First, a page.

Social media offers an ineffective and dangerous avenue of escape to people feeling the grief and loss borne of a growing disconnect from their most significant other. People who are disconnected from their primary significant other may at one time or another look to meet their connectedness needs on the internet. The avenue leads to a deadend. To learn more about Dr. Cunningham’s model of practice, visit her website at http://www.Cunninghamtherapy.com or call 619 9906203 for a complimentary phone consultation.

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  In my private practice in San Diego, I work to provide quality services for marriage counseIing, relationship counseling, and individual psychotherapy. Oftentimes, I listen to young girls and women of all ages obsess about their weight, their appearance and their disappearing youth. I try to provide a safe holding environment as they work to relieve themselves of the overwhelming social pressures to be the prettiest, the skinniest, and the sexiest version of themselves they can create. I coach them to practice self care and take pride in themselves. However, I also coach them to make their life purpose revolve around what they can accomplish rather than merely upon a superficial and dangerous emphasis upon appearance and youth.

After talking at lunch with a close friend and colleague about the troubles of Demi Moore, I had a moment to reflect upon society’s demands to value appearance over substance. Magazines, movies, tv shows, and internet blogs seem to scream that “youth” trumps wisdom-that what we wear matters more than what we think. Some young women and many older women buy into this message so passionately that they kill themselves trying to meet these youthful, botoxed, skinny standards.

This week,  ABC News reported on Demi Moore’s downward spiral as reflecting her obsession with losing weight and battling against the clock as she approaches the big 5-0.  After public humiliation in the face of her estranged younger husband, Ashton Kutcher, betraying her with gorgeous, younger women, she seemingly dropped off her own psychological cliff. Demi appeared so emaciated in this week’s photos that she could have been mistaken for a cancer patient. Sad. Really sad. As she moves into a new decade, her refusal to eat seemed to say symbolically that she just could not swallow it. That she simply wants to disappear. 

Moore’s reported erratic behavior and alleged drug abuse sends a loud message to her daughters that adulthood is not fun and that aging gracefully must be for fools. She makes it appear that it is devastating to cross from youth to middle age. This woman’s daughters are learning deep lessons by watching their mother. Partying with their mother. Suffering as they watch their mother suffer. Wondering if growing older is really as devastating as Mom would have them believe. Moore reportedly gave an interview to Harper’s Bazaar and said, “What scares me is that I am ultimately going to find out at the end of my life that I am not really loveable, that I’m not worthy of being loved…that there is something fundamentally wrong with me.”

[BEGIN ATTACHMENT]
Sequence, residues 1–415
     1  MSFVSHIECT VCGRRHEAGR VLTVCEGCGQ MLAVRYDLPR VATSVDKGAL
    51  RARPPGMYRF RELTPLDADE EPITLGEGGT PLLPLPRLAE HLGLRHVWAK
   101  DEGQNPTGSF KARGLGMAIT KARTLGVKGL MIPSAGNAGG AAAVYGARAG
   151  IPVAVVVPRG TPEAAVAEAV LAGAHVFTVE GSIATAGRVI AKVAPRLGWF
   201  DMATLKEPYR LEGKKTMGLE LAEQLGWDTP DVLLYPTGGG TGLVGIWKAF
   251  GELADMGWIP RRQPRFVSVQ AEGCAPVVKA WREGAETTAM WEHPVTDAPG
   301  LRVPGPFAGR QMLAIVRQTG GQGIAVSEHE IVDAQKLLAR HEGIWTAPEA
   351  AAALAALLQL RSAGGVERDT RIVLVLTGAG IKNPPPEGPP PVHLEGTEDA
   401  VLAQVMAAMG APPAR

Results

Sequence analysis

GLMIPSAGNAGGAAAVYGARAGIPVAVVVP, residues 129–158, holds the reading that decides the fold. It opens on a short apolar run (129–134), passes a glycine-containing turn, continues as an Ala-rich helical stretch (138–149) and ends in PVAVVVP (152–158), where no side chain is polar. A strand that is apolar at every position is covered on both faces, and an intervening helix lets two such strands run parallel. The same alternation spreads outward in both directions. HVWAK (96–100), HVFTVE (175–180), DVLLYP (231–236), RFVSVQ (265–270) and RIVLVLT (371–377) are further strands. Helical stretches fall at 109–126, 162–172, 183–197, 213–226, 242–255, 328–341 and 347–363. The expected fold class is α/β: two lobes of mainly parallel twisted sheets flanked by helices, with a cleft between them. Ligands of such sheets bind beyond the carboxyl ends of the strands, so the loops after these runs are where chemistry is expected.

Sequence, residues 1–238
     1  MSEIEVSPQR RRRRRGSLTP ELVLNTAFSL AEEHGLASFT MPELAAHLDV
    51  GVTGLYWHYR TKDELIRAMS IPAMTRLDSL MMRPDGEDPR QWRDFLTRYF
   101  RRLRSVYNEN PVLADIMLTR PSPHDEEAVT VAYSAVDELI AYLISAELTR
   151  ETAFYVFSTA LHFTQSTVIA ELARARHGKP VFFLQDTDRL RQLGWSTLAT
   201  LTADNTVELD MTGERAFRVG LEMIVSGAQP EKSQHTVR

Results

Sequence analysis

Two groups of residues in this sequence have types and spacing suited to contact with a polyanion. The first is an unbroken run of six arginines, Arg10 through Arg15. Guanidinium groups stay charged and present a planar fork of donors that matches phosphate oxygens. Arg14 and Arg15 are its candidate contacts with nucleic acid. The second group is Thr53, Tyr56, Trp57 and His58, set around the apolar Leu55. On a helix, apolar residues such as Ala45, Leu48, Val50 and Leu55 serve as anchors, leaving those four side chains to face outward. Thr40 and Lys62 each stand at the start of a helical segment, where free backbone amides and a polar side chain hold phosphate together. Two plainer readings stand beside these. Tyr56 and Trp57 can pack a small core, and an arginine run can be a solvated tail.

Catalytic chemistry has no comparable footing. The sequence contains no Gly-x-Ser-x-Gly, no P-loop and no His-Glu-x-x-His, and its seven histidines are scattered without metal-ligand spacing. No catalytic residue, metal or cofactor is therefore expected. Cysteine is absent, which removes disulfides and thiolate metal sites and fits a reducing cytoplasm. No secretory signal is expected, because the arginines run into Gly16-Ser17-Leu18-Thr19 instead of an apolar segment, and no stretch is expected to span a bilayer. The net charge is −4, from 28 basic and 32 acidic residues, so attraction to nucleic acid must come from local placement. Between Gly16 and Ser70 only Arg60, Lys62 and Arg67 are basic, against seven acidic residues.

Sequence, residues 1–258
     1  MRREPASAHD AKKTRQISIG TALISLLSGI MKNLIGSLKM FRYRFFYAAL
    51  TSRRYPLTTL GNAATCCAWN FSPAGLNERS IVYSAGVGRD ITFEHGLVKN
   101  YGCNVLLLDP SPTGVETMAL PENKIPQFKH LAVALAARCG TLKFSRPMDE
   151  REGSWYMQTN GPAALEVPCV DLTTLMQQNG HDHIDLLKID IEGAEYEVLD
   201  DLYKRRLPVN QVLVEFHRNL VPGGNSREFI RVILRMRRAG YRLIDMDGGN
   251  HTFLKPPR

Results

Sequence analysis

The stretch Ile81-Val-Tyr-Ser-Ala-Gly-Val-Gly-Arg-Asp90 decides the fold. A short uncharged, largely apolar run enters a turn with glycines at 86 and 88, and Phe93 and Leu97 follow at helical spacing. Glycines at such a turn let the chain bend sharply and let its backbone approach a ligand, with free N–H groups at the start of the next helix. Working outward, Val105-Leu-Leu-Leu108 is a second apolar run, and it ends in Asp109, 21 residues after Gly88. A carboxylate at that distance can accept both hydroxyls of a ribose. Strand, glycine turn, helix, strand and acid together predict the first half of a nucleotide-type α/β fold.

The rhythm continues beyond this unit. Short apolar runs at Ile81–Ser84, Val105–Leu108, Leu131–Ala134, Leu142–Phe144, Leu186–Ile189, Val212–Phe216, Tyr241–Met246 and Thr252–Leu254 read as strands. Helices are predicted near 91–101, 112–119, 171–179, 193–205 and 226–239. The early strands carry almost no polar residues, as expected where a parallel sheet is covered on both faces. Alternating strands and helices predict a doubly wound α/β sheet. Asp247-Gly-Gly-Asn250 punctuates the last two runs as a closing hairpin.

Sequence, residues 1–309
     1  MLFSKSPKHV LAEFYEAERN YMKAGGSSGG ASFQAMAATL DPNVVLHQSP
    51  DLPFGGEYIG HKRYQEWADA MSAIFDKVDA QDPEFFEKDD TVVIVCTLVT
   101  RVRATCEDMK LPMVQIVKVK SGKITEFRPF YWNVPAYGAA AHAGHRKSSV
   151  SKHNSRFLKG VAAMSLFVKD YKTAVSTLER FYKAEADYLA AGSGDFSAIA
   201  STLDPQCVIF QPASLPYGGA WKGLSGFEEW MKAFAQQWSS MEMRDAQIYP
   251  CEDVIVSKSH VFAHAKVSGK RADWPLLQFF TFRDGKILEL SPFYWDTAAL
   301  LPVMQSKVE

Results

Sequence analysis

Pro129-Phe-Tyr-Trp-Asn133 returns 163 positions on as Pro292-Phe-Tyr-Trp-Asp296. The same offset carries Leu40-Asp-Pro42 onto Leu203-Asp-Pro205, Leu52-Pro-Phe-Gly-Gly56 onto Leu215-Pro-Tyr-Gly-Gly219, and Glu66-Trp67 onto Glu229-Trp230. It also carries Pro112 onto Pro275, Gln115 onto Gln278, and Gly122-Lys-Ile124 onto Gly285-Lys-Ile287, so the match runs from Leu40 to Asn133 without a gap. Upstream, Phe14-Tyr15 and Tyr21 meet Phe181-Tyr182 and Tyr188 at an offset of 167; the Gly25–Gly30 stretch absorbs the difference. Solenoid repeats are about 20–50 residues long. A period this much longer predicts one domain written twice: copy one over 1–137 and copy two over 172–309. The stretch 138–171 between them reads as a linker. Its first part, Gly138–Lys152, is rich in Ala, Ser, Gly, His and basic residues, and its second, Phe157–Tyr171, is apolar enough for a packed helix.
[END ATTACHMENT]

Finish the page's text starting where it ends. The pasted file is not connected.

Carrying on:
When daughters watch their mothers obsess about weight, worry about their changing appearances, be more ambitious about choosing their wardrobes than they are about the enduring consequences of their life choices and try to “hang” with and/or marry much younger men in an effort to cling to their own youth, they are receiving a devastating message. As mothers, we must realize that we are always modeling something–but what? In fact, the deepest lessons our daughters learn is by watching what we do, not what we say. So what are the lessons that we teach our daughters by our own actions?

Little girls learn at an early age if Mom is more concerned with style over substance. Sadly, Rumor, Scout and Talullah may have learned that their mother believes that her greatest value is in her appearance–that her validity as a human being is wrapped up in what she weighs, how she looks, and whether she is still “hot.” In a mad effort to deny her own mortality, she hangs with young people and seemingly tries to deny she is turning fifty with erratic behavior and recreational drugs. If Demi’s daughters are fortunate, they will look at life and their own intrinsic value differently than their mother. They will try to make meaning out of their life in a way that honors experience and wisdom over youth and appearance. Instead of survival of the prettiest, they will see their survival as being rooted in resilience-in the lessons they can discover that are present, but must be uncovered, in each of their life challenges.  Hopefully, Ms. Moore will benefit from professional help so that she can turn her life around. As a woman and as a mother who is facing myriad challenges, she now has an opportunity to teach her children more about the meaning of life by giving new meaning to her own. She has the opportunity to show that there is no shame in stumbling if one picks themselves up from the fall. She can model the joy of recovery from all of the Sturm and Drang so publically displayed. She has the opportunity to review and perhaps modify her values that have privileged vanity over inner substance gained from a life well lived. She has the opportunity to bounce forward, not just back-because of, not in spite of, her recent adversities.